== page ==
Supporting athletes throughout their journey in sport has led to many insights into the work and dedication that they need to succeed.

As a medical practitioner working in performance sport, you first meet athletes after their nomination by their sport. That initial consultation is a chance to discuss health matters, to look at how impactful their health is on their ability to train and compete and to get a one-to-one discussion on the rules of clean sport. It is also the opportunity to screen for areas of health that could have an impact on them as a person (first and foremost) and as an athlete in their chosen sport. 

There are many ways to screen for health issues and the science behind screening is constantly changing. Some tests are very sensitive but not specific to a particular health problem, others are very good at identifying a health problem but can be less sensitive, leading to a higher proportion of people having a 'false positive' result. 

In mental health, there are a few well-researched questionnaires and after much discussion among peers, the use of a modified version of the General Anxiety Disorder questionnaire (GAD) and the Patient Health Questionnaire (PHQ) provides a useful screening tool. A shortened two-question version of these tools can help screen a larger population of patients. Depending on the results, the additional five (making up the GAD 7) and seven (making up the PHQ 9) questions can be asked. The results of the questions generates a score and a plan to be put in place to support the patient.

As with any testing process, it is never black and white and the story the patient tells alongside their demeanour provides useful clinical information. As a doctor, this is very much part of the consultation with a patient. Athletes are no different and the consultation is key to providing support, diagnosis and creating a plan moving forward.

Athletes can suffer from a variety of mental health issues. As with everyone else in society, anxiety and depression are the most common and this is not surprising, given the stressors and goal-focused challenges that athletes face. 

When normal life stressors at key times of life are added in, many find it hard and can develop symptoms that are distressing and scary and can have a long-term impact. One in five people in the general population suffers from anxiety or depression. In high-performance sport, that number rises to one in four. For some sports, such as para sports, the real impact of mental health is not known as people’s life stories can bring on significant mental ill health. 

Mental health issues have been monitored and treated since the start of the medical support structure at the sportscotland institute of sport 20 years ago. What has changed is that we now look for issues proactively and ask the key health questions on a regular basis. What has also grown over 20 years has been the people working within the performance sport system.

From the outset, the collaboration between Performance Lifestyle practitioners and the medical team has supported athletes at times of greatest need. This has been enhanced over the years with experienced clinical psychology colleagues, sport psychology practitioners, a growing healthcare team of sport medicine doctors and physiotherapists and coaches becoming more aware of mental ill health. Key to providing mental health support is teaching the performance team how to recognise mental ill health and how to promote a more positive culture within a sport.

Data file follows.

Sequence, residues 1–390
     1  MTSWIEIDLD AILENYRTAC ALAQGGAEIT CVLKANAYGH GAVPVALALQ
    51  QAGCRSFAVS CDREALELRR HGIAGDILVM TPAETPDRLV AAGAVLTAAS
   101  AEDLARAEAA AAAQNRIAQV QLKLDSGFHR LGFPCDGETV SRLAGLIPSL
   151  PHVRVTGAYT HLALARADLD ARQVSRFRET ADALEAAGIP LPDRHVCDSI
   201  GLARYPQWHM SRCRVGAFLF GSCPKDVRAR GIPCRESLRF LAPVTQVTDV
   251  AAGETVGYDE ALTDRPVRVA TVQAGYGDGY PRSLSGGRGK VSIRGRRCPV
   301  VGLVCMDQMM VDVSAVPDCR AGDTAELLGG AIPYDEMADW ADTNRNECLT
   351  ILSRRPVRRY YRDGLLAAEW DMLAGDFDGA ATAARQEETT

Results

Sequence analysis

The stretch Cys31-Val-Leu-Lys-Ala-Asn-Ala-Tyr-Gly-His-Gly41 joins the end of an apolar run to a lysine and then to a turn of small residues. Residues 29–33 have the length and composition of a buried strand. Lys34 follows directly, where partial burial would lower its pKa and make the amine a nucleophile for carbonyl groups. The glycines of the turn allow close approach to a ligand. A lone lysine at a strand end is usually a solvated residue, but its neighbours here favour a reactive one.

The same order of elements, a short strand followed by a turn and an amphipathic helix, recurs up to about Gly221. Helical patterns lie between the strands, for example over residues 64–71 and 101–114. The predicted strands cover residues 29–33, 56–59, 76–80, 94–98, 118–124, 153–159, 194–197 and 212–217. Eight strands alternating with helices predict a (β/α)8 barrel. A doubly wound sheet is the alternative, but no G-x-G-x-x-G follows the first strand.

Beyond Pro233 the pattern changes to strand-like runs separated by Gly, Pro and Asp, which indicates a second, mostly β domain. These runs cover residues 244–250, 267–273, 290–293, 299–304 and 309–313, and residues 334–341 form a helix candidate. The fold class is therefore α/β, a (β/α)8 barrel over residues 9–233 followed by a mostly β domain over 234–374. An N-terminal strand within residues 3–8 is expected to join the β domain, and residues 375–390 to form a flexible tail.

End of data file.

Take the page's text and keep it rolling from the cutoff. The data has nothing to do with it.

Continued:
The science and medicine teams in performance sport have a duty to protect and support athletes, especially when they are at a vulnerable stage of their lives. In-house tutorials, case discussions (within the confines of patient confidentiality) and sharing learning opportunities with partners, with UK Sport networks and external partners like SAMH, all lead to people development. Supporting athletes involves being able to access the right practitioner at the right time, but also being able to signpost the athlete to the numerous resources available within the NHS and voluntary sectors.

Our sporting environment, where we practise, is possibly one of the last areas to develop. While people and processes have evolved, the infrastructure of where athletes train, compete and travel to has steadily changed but there could be improvement to make it a more positive environment where athletes and staff alike can feel more included in a sporting journey. The culture of a sport and the environment where that takes place is a delicate balance between results-focused, driven processes that deliver outcomes but keeping a watchful eye on the people side of the equation, where athletes can feel they can flourish, learn life lessons and yet deliver on a world stage. 

Mental wellbeing and positive mental culture in sport are key to supporting the journey of the athlete from first nomination as a 14-year-old to winning gold in a major Games against top-flight athletes. Sport was the first joy of the 14-year-old and should remain across that journey. 

As a performance support network, our goal is to help support and manage any key health challenges, to identify the risks of developing health issues and how to mitigate those risks. It involves respecting patient confidentiality but also learning as a system when there is clear desire to make mental health awareness more prominent. It is always better to talk about it.